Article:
DR: It's a question of what you think the disconnect is. We get carried away by the
name - the Communist Party. But in China it's not a Karl Marx party, although they are trying. All of the educated people in China recognized that Deng Xiaoping made a very important statement back in 1979. When he was asked how communists could engage in marketed activities, his comment was that he didn't care if a cat was black or white as long as it could catch mice. Everyone quotes that and the implication was quite clear - the party is going to be the party, but it's not going to be caught up in ideology. At that time their need was to feed the people, and whatever worked, that's what they were going to do. If a market-based capitalist incentive program worked, they would do that. Deng Xiaoping actually made that statement here in Atlanta. The current Chinese president Jiang just gave a speech in preparation for the Party Congress that's coming up there next year. He basically said there is a role for communism, and there is a reason why they are now pushing capitalistic procedures. He also recently said capitalists are almost as important as farmers if they work for the good of the country. The new leaders will be more lenient toward capitalists, but capitalists will have to find ways to get approval from the government. Things are rapidly changing there now, so it depends on the new leaders. Will they allow people to have their voices made loud? The Chinese people are getting more respect. In addition, the fact that Beijing was named the site for the 2008 Summer Olympics was huge - a major victory for the Chinese.
TSOB: To what extent did you see the disparity between urban and rural incomes in China?
DR: It is a disparity that won't naturally narrow. The rural areas of China already produce the most energy-efficient crops for the soil and the needs of the people, and they do it all by hand. They are not going to do more in rural areas, and that's the greatest problem because they only want the cities to grow. Since we were mainly in urban areas on our trip, we did not see the poorest China.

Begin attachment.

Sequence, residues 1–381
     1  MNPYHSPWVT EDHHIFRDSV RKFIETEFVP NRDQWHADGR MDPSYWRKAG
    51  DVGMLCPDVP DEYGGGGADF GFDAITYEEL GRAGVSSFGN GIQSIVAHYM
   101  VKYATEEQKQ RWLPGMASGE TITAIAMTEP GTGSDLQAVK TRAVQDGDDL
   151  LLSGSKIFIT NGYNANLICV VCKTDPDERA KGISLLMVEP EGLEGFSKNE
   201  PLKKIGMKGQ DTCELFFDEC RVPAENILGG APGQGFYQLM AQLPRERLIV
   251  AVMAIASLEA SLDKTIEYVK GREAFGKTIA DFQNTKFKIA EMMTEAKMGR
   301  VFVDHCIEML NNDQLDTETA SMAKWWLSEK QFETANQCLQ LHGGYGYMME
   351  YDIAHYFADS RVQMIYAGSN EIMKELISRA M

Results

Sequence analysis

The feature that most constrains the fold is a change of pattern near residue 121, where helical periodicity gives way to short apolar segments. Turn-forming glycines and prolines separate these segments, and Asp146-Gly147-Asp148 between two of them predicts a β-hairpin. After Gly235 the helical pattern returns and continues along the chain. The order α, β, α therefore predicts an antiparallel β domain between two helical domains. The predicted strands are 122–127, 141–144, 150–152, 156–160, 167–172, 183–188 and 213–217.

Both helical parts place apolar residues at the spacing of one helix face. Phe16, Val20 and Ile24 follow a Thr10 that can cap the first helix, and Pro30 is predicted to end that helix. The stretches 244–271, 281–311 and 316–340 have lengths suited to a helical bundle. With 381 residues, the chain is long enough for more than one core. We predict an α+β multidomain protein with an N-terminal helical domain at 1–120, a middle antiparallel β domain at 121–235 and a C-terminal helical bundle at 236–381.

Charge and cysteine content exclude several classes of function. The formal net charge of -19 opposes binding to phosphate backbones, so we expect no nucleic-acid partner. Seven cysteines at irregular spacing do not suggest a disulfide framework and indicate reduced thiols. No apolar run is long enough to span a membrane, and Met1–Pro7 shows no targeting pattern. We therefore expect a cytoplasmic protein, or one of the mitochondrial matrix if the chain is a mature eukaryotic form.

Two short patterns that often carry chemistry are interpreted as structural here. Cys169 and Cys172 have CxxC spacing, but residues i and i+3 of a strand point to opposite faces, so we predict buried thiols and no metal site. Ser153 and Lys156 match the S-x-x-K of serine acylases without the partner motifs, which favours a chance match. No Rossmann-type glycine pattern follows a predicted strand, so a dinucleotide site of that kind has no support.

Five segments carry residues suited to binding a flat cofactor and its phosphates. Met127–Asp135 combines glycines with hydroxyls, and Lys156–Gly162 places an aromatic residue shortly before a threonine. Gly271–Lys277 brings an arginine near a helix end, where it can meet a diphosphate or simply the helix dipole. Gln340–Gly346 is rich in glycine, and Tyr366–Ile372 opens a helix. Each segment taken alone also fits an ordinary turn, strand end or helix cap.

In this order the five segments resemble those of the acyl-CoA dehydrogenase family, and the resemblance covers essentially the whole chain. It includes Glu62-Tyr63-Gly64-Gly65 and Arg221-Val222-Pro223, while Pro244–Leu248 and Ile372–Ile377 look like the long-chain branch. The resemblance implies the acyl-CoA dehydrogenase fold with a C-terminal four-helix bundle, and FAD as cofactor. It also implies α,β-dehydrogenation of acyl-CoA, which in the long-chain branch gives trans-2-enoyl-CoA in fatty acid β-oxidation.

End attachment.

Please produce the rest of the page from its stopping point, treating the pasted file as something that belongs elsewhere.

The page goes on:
TSOB: Let's talk political relations between China and the U.S. What has been the impact of events such as the 1999 accidental bombing of the Chinese Embassy in Belgrade by the U.S. and the April standoff with the Chinese involving the detained U.S. reconnaissance plane? And has there been an effect on business relations?
DR: The embassy bombing still bothers a lot of the Chinese, but the spy plane incident didn't mean anything to them. That was more of a Beijing thing. The Chinese are incredibly confused about U.S. policies. We go from nice to nasty as far as they're concerned. Recently, Colin Powell referred to the Chinese as competitors, but they don't see the U.S. as competitors at all. That bewildered them. As far as business relations, these events have not been a major problem. The Chinese know they need outside capital to build their country. The Chinese government is not going to arbitrarily take advantage of its land ownership rights. They're going to allow people to build the factories and make money, because to stop doing that would be to stop getting the capital.
TSOB: In hindsight, what else do you wish you had been able to do while in China?
DR: I would have liked to spend more time with villagers for historical reasons ... talking to the common people who lived through the Cultural Revolution. I'd like to find out if they believe they are the freest they've ever been, with more choices and opportunities now.
TSOB: If you could only describe China today in one sentence, what would it be?
DR: China is changing significantly, especially in urban areas, and its people are willing to embrace the world ... but they want the world to recognize what their contributions have been, and that they are not backward.
- Peri Parks